The “What” is the outcome and proof of your purpose – The Why.
His next visual is what he coins as the Pyramid of Financial Awesomeness. Where the reporting of data is the foundation, building upwards to where FP&A teams should strive to be, business partners and trusted advisors. To get to the top of that pyramid, you need to have a rockstar team.
Team assessment is the last area that Matt touched upon. He uses a modified Nine-Box method to assess and to a build roadmap on any changes or adjustments he needs to make. Although time-consuming, he recommends that all managers invest time to sit down with individually with team to quickly assess where they fall in his modified nine box. Being mindful that if your organization is in transformation, which all too many of us are experiencing today, it is imperative to add a 3rd layer of willingness to embrace change or direction of change.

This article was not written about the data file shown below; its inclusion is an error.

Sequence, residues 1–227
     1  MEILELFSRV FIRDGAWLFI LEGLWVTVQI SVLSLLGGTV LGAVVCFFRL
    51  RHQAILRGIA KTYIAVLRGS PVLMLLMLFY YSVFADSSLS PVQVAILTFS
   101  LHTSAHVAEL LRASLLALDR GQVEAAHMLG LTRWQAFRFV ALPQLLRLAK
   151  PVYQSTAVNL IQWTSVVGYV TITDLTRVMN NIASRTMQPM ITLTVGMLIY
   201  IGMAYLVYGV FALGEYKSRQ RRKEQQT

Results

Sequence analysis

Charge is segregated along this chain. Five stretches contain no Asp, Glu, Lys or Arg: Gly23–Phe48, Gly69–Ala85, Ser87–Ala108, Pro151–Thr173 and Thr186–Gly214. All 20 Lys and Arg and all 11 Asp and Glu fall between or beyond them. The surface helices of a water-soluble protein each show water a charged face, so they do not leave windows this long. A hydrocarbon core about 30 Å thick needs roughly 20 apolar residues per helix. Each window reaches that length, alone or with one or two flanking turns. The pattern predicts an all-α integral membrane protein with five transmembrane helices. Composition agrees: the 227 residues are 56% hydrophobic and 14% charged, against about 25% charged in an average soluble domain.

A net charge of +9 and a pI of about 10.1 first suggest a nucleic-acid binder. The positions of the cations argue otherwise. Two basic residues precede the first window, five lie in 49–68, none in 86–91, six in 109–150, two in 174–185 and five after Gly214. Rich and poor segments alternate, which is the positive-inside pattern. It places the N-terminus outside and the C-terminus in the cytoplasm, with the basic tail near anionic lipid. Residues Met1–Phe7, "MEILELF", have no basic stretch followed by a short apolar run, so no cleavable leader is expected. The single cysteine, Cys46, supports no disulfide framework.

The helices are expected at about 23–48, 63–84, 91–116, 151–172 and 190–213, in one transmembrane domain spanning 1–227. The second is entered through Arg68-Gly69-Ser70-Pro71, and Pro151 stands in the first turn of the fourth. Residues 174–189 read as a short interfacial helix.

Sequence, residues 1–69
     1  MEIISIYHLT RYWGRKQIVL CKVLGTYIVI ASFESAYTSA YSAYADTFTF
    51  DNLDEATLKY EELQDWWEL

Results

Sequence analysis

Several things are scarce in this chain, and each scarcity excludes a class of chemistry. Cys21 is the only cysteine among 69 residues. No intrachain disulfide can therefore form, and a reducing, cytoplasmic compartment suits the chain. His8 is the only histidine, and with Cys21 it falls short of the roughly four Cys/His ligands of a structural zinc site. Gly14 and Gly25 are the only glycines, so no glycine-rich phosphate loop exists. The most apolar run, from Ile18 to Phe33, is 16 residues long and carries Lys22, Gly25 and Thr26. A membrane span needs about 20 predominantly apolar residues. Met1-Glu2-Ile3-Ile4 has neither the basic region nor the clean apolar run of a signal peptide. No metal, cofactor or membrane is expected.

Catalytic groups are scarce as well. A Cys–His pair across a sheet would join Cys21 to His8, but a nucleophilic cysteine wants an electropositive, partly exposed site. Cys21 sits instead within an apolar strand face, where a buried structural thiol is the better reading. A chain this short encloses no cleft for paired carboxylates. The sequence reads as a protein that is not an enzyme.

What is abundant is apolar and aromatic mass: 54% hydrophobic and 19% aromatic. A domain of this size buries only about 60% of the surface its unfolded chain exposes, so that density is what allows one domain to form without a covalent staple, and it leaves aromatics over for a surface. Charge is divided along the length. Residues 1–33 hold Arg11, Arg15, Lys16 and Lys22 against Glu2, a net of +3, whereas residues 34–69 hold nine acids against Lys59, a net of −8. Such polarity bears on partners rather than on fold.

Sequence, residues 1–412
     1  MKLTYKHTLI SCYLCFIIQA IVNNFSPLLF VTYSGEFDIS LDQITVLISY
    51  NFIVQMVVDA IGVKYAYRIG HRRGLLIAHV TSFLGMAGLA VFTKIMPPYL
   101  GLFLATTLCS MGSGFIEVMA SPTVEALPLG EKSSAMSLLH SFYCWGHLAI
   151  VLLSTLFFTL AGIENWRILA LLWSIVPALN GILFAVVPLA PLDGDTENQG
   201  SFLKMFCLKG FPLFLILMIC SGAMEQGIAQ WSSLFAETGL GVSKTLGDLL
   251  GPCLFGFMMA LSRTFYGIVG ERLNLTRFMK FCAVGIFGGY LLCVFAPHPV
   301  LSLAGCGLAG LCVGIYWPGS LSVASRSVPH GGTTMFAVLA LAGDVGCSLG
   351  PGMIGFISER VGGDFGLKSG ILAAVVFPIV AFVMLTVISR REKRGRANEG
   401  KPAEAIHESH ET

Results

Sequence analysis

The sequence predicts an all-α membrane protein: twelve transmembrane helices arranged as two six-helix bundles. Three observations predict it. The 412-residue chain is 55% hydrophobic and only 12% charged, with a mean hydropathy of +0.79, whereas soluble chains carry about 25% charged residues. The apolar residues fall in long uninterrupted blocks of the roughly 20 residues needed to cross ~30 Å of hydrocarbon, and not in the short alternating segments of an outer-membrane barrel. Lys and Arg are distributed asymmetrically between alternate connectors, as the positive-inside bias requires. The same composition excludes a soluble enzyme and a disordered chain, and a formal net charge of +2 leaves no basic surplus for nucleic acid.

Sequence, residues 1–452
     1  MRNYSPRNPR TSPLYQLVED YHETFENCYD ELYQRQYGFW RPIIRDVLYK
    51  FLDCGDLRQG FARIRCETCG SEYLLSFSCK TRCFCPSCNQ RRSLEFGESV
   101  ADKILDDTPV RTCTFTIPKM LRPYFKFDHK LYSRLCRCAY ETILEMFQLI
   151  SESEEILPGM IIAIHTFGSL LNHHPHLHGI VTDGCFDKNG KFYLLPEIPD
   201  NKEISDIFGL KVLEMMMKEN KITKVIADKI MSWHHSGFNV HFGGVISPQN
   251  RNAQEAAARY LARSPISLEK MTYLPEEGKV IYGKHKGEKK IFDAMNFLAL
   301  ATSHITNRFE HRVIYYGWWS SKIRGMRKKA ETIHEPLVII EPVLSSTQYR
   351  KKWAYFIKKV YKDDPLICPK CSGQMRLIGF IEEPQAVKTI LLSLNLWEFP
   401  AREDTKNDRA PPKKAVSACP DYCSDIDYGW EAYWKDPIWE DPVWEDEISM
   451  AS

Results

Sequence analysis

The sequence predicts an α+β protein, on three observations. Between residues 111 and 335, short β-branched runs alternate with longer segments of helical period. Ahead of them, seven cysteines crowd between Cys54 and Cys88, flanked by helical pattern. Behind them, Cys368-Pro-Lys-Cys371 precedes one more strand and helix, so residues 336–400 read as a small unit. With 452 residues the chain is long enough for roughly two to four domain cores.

Lessons Learned and Takeaways
This month’s board meeting was a fantastic exchange of experiences, approaches, commiseration of pain-points and a lot of ideas to build out that Rockstar FP&A team. We need to remind ourselves that diversity is essential – everyone has a role to play and those roles are equally important. Leaders need to drive through a culture of expedited evolution, courage, creativity and accountability all centered on “Why” we get up each and every morning to do what we do. I look forward to the next FP&A Board Meeting to be held in the Fall. Until then, I wish everyone to stay safe and healthy during this new time of crisis.